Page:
In any case, however, the upshot is that if inadequate preload is obtained on the stack, either because the hub nut is not torqued or because there is stiction anywhere in the stack (due to the aforementioned corrision, galling, or gunk), the fatigue test that is the rear axle becomes a lot more interesting. 

 

Please set me straight if I'm wrong but I think that it should be emphasized here that the goal for re-assembling the rear axle is that the torque on the nut compresses the bearing spacer appropriately (and by including the bearing shim, that the inner and outer bearing races don't stray too far from each other). Again, I highly doubt that minute defects in the axle shaft would result in a catastrophic failure unless they caused the described preload issues.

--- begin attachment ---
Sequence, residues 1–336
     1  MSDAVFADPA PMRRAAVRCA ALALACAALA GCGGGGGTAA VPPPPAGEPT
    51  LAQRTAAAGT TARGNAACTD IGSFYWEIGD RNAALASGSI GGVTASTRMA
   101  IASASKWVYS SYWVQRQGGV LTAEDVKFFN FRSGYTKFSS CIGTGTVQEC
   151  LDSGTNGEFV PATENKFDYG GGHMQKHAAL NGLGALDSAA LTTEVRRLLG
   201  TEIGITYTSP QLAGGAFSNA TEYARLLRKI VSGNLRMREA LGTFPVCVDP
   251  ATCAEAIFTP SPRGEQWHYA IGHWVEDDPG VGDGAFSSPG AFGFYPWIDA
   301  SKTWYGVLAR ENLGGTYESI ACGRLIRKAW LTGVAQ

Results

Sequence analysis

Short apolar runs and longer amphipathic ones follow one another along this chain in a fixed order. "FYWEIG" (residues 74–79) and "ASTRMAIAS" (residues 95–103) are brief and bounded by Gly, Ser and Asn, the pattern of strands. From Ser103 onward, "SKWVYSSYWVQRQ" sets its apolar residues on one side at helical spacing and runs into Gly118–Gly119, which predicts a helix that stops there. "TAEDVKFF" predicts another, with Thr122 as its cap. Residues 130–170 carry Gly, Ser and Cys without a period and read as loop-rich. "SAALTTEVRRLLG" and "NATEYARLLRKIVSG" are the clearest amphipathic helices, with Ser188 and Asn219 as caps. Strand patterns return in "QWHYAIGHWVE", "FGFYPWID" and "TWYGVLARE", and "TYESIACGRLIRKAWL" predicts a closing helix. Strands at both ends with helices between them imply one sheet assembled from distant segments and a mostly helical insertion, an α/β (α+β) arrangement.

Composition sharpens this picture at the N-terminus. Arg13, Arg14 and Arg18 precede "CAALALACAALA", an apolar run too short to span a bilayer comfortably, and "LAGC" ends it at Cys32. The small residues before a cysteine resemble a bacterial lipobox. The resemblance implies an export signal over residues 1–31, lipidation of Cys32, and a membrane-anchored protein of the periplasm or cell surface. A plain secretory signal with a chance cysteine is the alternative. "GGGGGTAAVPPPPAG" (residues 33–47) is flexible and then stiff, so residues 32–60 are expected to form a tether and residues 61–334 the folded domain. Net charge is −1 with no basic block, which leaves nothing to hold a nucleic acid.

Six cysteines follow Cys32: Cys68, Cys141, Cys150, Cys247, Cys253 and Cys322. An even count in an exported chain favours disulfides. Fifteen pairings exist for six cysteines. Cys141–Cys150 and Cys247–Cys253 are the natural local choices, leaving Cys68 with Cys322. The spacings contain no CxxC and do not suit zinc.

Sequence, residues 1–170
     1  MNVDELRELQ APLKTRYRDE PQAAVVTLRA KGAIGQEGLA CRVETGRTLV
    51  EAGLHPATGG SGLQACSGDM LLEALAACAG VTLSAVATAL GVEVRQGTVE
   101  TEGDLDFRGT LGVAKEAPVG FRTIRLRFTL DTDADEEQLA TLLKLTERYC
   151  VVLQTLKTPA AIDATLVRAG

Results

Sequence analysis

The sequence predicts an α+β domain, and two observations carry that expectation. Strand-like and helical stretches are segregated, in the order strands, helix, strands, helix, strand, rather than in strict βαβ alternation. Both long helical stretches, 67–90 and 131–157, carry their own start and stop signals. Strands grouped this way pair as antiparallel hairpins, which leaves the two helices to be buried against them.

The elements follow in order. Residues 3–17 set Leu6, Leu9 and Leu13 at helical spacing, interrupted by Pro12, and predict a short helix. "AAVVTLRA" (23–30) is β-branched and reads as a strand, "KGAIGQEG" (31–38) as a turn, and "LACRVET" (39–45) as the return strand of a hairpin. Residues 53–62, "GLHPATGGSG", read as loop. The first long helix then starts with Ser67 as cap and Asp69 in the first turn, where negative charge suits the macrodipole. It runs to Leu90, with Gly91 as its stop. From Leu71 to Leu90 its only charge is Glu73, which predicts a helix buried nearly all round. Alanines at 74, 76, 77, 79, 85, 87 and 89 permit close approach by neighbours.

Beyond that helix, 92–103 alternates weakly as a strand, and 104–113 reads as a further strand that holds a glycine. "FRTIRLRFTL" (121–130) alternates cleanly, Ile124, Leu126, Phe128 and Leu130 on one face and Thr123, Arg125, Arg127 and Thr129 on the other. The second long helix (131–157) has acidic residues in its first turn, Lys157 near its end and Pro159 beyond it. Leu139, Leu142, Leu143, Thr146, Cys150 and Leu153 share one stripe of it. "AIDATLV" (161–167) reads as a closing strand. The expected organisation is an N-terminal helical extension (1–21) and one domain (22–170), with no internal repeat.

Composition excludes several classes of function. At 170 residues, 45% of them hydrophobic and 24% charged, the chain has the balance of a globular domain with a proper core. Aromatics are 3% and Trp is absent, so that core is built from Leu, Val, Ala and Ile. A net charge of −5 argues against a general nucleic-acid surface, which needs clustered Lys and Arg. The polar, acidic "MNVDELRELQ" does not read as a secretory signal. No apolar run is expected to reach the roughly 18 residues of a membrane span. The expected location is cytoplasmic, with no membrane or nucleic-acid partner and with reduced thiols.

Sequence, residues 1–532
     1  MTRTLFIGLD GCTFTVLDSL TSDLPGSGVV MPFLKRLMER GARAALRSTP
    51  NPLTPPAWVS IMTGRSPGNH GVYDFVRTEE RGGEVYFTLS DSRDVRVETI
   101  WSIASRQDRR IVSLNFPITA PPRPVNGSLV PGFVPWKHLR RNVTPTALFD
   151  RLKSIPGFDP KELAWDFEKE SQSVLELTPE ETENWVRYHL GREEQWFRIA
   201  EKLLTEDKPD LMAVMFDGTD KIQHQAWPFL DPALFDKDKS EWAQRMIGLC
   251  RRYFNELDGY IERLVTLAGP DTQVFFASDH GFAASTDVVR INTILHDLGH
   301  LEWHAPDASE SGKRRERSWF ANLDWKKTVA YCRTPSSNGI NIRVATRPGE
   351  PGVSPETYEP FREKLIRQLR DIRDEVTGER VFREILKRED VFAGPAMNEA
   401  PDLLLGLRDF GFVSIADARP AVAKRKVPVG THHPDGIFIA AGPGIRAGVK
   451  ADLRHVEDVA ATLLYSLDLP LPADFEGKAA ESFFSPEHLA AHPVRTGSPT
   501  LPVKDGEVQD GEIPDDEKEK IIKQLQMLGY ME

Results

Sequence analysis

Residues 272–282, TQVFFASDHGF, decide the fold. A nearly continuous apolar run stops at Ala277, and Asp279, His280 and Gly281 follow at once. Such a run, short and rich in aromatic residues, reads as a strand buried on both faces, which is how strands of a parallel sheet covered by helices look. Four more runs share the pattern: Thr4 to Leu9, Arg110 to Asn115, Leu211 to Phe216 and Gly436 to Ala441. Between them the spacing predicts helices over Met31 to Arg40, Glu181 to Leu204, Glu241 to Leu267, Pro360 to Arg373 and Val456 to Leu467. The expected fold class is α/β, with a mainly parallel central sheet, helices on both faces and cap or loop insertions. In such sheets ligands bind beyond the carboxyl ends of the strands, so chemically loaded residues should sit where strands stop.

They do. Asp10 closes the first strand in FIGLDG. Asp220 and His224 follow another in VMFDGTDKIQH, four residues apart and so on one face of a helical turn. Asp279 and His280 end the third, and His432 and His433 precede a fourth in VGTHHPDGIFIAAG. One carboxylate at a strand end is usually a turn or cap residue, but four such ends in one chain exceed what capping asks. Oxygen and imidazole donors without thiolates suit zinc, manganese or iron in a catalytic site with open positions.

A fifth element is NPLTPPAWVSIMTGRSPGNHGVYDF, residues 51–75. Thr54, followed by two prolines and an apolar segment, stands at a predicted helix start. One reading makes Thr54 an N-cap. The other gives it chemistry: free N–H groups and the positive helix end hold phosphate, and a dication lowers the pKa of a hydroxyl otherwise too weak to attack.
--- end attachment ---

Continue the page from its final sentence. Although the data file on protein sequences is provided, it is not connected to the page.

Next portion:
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The stubs are full of stress raisers, and eventually, they will fatigue with repeated curb hops,

clutch dumps and wheel to wheel contact.

 

It DOES take a lot.  They hold up pretty well to 10" slicks.  Personally, I have never broken one.

The broken ones I've seen would have given lots of warning- if they had been crack checked.

 

The E21 stub is formed very differently, and has far fewer raisers.  It's not perfect, but it's a lot better.

 

t

"I learn best through painful, expensive experience, so I feel like I've gotten my money's worth." MattL

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After years of SOLO II in a prepared class (on slicks) I decided it was probably time to pull the axles and look at the bearings.  The bearings were fine the axles had about 10-12 degrees of TWIST in them.  These were the early axles and BMW did get the metallurgy better starting in 1972.  I do however remove, inspect and crack test then on a much more regular basis.

 

We check our Gp2 CSL axles often.    12" wide slicks and a 4.45:1 final drive for the short courses doesn't help. 

 

Axle.jpg

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1970 1602 (purchased 12/1974)